The servant was just doing his duties as usual. But when he entered the composer’s room that day, something was different. In the room was a man in a huge white wig intensely focused on writing a manuscript. The man looked up, tears in his eyes.
“Is something wrong, sir?”
“No, everything’s well. I’ve seen a vision of heaven! The composition…the notes are coming to me if God Himself is writing the music through me!”
“Are you still working on the oratorio then?”
“Yes. This part is called the ‘Hallelujah Chorus.’”
Fastforward 370 years… Handel’s Messiah is still being sung in churches and concerts all over during the Christmas season. He heard a heavenly sound.
In the 20th century popular music was more unified than nowadays. There was popular music, and then the 60s revolutionized the music scene. Hard rock and hair metal came in the 70s and 80s and then punk rock and the two would juggle back and forth setting the trend. Each trend starts to wear out and someone new comes along.
In the 90s came grunge. The hair-metal bands that weren’t innovating soon faded more and more into obscurity.
As the millenium approached popular music diversified more and more till we come to nowadays, where music is more independent as people each look to themselves and their ipods. And so we have now have tribes.
Thoughout the decades as the music trends came and went, it seemed like Christian music kinda followed along, copying whatever was cool at the time in order to be the “sanctified version.” Sort of like when the Simpsons had a youth rally and a band called “Pious Riot” played.
But these days seem to be different. As God keeps working on the church to become more authentic, creative arts are showing up on the scene more and more.
New current sounds of worship seem to be showing up all the time, as people seek God and are hearing that heavenly sound.
I particularly enjoy what’s coming from IHOP and Bethel, and just discovered the Digital Age (comprised of members of the David Crowder Band). Sons of Korah are also great as I like the ethnic sound.
Some of the trends coming up in today’s worship seem to be sort of Coldplayish vocals, lead guitar making use of delay similar to Mono or U2, dramatic long drum builds, looping, and cutting edge synth sounds.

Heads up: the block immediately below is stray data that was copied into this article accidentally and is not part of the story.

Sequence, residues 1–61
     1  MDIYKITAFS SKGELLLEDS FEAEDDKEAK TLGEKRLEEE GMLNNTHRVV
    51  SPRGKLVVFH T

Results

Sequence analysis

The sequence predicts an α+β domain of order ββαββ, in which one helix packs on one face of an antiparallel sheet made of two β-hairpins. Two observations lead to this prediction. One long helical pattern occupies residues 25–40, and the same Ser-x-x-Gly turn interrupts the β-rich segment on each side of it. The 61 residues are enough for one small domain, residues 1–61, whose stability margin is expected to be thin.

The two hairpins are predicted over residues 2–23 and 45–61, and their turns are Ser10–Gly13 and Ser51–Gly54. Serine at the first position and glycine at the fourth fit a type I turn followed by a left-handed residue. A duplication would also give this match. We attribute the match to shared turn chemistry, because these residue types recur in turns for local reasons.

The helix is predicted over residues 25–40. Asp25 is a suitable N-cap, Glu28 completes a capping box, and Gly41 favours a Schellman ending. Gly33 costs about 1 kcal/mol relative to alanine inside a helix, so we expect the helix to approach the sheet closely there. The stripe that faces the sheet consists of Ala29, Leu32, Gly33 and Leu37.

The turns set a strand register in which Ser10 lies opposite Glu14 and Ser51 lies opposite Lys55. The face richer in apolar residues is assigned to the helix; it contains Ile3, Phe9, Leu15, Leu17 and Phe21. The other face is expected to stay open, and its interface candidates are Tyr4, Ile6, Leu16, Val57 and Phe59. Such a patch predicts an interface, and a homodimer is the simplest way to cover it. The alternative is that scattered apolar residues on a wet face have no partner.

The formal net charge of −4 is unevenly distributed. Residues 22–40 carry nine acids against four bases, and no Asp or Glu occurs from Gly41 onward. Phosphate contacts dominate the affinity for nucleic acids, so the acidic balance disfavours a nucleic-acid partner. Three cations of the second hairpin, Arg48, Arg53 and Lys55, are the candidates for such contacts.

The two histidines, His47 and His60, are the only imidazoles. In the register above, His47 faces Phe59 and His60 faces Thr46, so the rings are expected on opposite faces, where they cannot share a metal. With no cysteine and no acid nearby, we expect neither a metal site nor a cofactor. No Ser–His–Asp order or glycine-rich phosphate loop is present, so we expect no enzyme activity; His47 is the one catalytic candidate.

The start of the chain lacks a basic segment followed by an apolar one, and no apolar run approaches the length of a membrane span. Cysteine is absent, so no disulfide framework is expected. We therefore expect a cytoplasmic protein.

It seems worship is developing it’s own sound. Though there are definitely secular influences, I don’t think of modern worship as a “sanctified substitute” these days like much of Christian music of the past. In fact in the coming years I think worshipers are going to be actually setting trends.
I once heard it said that the composer doesn’t really create, he or she “finds” the music. We have to have spiritual ears to “find” that heavenly sound.
Once I saw Mike Bickle and Misty Edwards on the internet speaking on secular music. I personally don’t mind listening to it, but I didn’t mind hearing their angle on it. They suggested fasting secular music for certain periods time.
But many don’t care for radio-friendly Christian pop. So where do you learn then? Mike suggested getting together for at least an hour and singing spontaneously with the Scripture and jamming with the instruments and seeing what comes.
What’s exciting is that any team can do this. Just the other day I heard a couple of our younger guys just jamming on simple chords before church and it sounded great. Nothing fancy, but they were hearing a current sound.
Christians are also expressing what they see spiritually in the visual arts like painting, dance, and even multimedia.
This time around the “stars” will be the regular people in the local church. As music and the arts start to flourish, the focus will be on God Himself.
I’m excited to see what comes next in worship. What new sounds, visual arts and technologies will we see and hear in the next coming years?
Be open to the Holy Spirit. To the regular church helpers out there: The new sounds will come with you!